The Telegraph
Since 1st March, 1999
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An economist who helps save planet

New Delhi, Oct. 12: The Intergovernmental Panel on Climate Change (IPCC) is led by a man who once turned down a seat at the Indian Institute of Technology, Kharagpur, to become a railway engineer where he helped build diesel locomotives.

Rajendra Pachauri, 67, has been the chair of the IPCC — the UN organisation tasked with evaluating the likelihood, the risks and the possible impact of climate change — since May 2002.

A tough job dealing with a controversial science.

The cricket-crazy engineer turned his attention to energy economics for a quarter of a century before extending his expertise to climate change diplomacy, seeking to get experts from some 130 countries agree on the crisis posed by global warming.

In the mid-1960s, when soot-spewing steam locomotives still dragged train coaches across India, Pachauri was a young mechanical engineer with the Indian Railways in Varanasi trying to phase out steam locomotives.

Academics took him to the US where he got one Ph.D in industrial engineering; a second PhD in economics. When he returned to India, he became director of the The Energy Research Institute, set up by the Tata Group, for analysis of energy policies. Pachauri once told The Telegraph that his growing involvement in climate change seemed a “natural progression” from energy economics.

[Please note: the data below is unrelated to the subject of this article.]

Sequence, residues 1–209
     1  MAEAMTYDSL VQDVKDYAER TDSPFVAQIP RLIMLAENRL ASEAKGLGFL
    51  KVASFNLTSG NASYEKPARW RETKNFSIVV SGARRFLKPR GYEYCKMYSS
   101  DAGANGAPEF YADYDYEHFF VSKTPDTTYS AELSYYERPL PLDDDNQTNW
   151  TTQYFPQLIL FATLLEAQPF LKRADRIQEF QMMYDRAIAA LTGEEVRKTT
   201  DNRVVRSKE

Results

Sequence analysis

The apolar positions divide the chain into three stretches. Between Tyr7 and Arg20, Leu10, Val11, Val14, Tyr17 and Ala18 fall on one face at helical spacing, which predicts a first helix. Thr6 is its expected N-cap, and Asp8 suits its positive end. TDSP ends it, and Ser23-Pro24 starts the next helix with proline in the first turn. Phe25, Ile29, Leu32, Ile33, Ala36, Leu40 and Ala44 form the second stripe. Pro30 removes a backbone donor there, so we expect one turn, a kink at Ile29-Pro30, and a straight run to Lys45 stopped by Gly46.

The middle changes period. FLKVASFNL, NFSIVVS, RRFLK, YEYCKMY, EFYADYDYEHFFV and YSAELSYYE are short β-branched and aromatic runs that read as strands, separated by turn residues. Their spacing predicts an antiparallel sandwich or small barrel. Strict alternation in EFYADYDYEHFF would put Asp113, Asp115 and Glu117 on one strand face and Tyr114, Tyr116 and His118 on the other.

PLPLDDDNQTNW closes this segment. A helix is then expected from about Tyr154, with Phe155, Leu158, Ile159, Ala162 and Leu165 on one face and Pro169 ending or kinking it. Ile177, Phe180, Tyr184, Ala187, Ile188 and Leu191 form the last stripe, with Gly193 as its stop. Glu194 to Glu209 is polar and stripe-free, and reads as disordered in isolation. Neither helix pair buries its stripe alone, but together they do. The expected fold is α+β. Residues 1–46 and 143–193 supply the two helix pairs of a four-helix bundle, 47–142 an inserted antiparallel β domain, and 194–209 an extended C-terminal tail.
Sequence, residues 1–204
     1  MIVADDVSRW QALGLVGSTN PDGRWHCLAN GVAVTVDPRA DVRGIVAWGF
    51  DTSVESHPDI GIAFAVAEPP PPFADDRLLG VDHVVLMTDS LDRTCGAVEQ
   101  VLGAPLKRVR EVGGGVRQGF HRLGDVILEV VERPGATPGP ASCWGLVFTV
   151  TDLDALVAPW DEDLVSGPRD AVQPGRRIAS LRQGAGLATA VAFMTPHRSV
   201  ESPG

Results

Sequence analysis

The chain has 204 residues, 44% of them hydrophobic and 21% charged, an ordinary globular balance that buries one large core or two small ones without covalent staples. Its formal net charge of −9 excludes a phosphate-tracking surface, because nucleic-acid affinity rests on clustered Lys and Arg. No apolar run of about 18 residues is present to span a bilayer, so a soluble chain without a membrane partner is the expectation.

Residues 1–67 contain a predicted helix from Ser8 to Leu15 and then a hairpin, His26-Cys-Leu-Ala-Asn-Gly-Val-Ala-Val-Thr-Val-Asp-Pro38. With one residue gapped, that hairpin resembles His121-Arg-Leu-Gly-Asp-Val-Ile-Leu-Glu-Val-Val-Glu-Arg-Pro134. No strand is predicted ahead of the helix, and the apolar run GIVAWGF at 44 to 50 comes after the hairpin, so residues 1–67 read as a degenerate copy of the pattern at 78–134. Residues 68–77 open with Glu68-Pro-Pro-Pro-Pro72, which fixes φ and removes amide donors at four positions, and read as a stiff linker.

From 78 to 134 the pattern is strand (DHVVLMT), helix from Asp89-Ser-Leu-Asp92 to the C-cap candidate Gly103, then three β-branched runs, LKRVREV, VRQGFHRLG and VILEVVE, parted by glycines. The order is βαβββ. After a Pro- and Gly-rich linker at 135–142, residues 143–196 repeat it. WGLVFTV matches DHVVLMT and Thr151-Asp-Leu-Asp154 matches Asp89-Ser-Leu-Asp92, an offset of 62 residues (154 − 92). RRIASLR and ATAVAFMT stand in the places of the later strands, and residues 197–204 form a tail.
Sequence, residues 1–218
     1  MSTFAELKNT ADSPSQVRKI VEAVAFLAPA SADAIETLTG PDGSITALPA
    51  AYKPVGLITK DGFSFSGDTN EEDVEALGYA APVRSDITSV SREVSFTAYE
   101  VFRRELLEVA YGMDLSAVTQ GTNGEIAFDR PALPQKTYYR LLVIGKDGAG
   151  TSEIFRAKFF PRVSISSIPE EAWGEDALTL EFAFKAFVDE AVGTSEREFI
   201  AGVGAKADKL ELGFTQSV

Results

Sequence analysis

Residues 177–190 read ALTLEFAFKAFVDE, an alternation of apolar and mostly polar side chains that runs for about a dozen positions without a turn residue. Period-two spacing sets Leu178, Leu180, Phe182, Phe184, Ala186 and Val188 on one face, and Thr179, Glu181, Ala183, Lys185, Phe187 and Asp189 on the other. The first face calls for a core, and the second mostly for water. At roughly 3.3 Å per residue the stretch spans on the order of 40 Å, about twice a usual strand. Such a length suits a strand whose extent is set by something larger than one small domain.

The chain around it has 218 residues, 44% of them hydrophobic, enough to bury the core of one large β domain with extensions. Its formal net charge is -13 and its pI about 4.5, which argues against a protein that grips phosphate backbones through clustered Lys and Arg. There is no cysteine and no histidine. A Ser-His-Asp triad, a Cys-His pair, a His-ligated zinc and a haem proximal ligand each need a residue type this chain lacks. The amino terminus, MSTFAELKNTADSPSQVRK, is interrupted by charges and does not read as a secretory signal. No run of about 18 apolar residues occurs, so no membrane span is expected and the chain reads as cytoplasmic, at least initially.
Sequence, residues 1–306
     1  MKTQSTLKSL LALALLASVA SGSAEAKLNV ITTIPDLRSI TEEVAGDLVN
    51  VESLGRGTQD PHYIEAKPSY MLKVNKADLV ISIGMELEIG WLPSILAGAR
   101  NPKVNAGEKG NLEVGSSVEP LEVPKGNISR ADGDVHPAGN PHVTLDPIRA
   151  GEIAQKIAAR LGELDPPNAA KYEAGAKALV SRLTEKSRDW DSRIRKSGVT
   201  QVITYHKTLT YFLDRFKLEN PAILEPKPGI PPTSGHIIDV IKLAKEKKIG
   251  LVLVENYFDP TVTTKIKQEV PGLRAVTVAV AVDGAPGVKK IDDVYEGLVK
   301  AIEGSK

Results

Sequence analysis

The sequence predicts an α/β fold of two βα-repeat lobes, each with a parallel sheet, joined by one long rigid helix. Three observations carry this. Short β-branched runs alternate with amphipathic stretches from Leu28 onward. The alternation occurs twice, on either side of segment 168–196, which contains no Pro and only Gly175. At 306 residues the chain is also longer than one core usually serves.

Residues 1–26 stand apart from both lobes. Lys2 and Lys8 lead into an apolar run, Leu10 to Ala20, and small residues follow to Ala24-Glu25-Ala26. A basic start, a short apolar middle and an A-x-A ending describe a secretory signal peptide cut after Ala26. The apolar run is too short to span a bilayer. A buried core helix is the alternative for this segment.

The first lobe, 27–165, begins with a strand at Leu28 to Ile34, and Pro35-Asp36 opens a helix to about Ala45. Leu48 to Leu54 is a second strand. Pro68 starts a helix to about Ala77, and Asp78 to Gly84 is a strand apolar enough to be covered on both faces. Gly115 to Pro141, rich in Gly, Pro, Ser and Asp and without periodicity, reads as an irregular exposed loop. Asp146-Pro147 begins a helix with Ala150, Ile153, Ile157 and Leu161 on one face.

His appointment as IPCC chairman wasn’t without controversy. He won amid allegations by some that the US had opposed a second term for the outgoing chairman Robert Watson, an atmospheric scientist, after an oil company lobbied against him.

The IPCC relies on the research work of thousands of scientists from around the world, evaluating their findings to draw world consensus documents on how the climate is changing and what impact it will have on humankind.

“There were some concerns whether an economist would fit into this job,” said a senior atmospheric scientist in India who was a member of a task force of the IPCC.

“But he’s done an outstanding job.”

Born in Nainital in the foothills of the outer Himalayas, Pachauri is a hard-core vegetarian, partly due to his religious beliefs as a Hindu and the impact meat production has on the climate. Married with three children, Pachauri has received the Padma Bhushan.

The past five years have been among Pachauri’s busiest — sometimes his visits are so short, he attends a meeting and then catches a flight home, or to another country. But he always returns for his corporate cricket matches.

There’s one tomorrow.

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